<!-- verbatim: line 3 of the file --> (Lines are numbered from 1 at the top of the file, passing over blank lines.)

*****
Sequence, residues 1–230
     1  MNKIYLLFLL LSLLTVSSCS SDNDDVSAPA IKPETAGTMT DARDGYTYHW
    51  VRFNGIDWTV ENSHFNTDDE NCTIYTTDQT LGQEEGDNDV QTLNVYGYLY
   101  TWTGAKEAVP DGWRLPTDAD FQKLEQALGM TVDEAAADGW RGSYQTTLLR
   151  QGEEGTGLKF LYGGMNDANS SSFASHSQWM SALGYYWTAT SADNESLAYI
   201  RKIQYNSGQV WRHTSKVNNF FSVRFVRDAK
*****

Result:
    51  VRFNGIDWTV ENSHFNTDDE NCTIYTTDQT LGQEEGDNDV QTLNVYGYLY